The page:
As news broke today that Maya Angelou has died at age 86, members of the Drake University community remembered the influential author and poet who reminded us that we can all be “rainbows in the clouds.”
Angelou captivated an audience of more than 8,000 during Drake’s 24th Martin Bucksbaum Distinguished Lecture in October 2009. Her legacy carries on through our memories, through her artistic work, and through her prominent role as an influential supporter of civil rights, faculty said.
Some thoughts from Renee Ann Cramer, associate professor and chair of the law, politics, and society department:
- “Maya Angelou provides an example for generations of students and teachers – a poet, an actress, a dancer – a woman committed to the arts, and also committed to their potential for liberation, their uses in emancipation. As an African American woman, she stood gracefully at the intersections of so many forms of oppression and bias – and helped to illuminate the dark corners where racism sits; she also, at those intersections, showed how brightly we could shine lights on those places, from the unique standpoint of our identity.”
- “I have seen photos of Maya Angelou standing with James Baldwin, with Malcolm X, with Martin Luther King, Jr.—with leaders of the fights for equality and justice in the United States—and it strikes me that she is a woman in these photos, a woman claiming space in a movement that was still quite masculine, and a woman with power in those spaces.”
- “Her memoir on living in the Jim Crow South is uncompromising in its understanding of the harms caused by racism – institutional and personal – and Doctor Angelou was uncompromising in her call for change and justice.”
- “Doctor Angelou was also a mom—someone who understood the importance of our daily activities of care, of nurture, as themselves political.”
- “And, finally, Doctor Angelou was sexy. She was unashamed of her height, her power, her unconventional beauty. Not objectified by the media, she could claim her physicality proudly, unreservedly, beautifully.”
Prof. Cramer teaches courses on critical race and feminist theory, reproductive law and politics, and the equal protection amendment, all of which touch on Dr. Angelou’s life and work. She specializes in the study of critical race and feminist theory. Her current work explores the intersectional identities of women of color as they are portrayed by the media.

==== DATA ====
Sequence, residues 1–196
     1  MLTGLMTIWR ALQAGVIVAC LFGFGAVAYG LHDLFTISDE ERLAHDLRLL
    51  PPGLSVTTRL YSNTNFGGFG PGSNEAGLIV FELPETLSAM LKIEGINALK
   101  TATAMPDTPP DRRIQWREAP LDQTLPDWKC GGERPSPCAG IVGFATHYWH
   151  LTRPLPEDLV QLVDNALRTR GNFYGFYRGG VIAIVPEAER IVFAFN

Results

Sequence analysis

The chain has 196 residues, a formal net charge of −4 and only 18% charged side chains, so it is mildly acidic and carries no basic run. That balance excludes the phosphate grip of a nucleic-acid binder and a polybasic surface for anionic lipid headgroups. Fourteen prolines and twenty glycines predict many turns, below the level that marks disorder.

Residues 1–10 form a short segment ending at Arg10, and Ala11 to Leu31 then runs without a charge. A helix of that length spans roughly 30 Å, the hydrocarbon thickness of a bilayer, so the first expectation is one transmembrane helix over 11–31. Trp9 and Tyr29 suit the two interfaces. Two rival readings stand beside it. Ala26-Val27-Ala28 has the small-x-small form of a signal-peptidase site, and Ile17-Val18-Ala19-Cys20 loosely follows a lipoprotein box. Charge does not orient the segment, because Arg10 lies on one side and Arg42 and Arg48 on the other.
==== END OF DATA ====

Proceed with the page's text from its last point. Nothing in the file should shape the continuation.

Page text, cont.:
A remembrance from Melisa Klimaszewski, associate professor of English and faculty advisor to the Coalition of Black Students:
- “Angelou’s life was full and long, and her passing, although sad, reminds us of the pride and dignity with which she carried herself. That modeling and that legacy will continue to affect our communities long after her passing. The wonderful thing about a poet and a writer is that we can call them up when we need them just by opening their books. None of us knew Angelou closely at a personal level, but we felt connected to her as we read her poetry and prose. That connection is infinite, and her passing reminds us to be grateful for it.”
- “When Angelou visited Drake for the Bucksbaum Lecture in 2009, our students were delighted to meet her and to hear her speak. In a small session with the Coalition of Black Students and some English and Writing majors, Angelou was generous and thoughtful. She was curious about the students’ interests, and she encouraged them to keep reading and writing. I know that the encounter, however brief, profoundly affected many of the students and that they will be remembering her especially intensely today.”
- “For our African American students who know Angelou as a public figure, I think there is a sense of loss that a wise leader is gone. Angelou’s presence in our cultural landscape is part of a rich history of inspiring, civic-minded African American leaders whose strength and resilience encourages young people to persist in the face of daunting challenges. It’s always difficult when one of those voices goes silent.”
Prof. Klimaszewski teaches British literature, South African literature, and critical race studies. She has studied Angelou’s work. Additionally, she is co-founder of Drake’s Crew Scholars Program, which provides financial, academic, and mentorship support primarily to domestic students of color.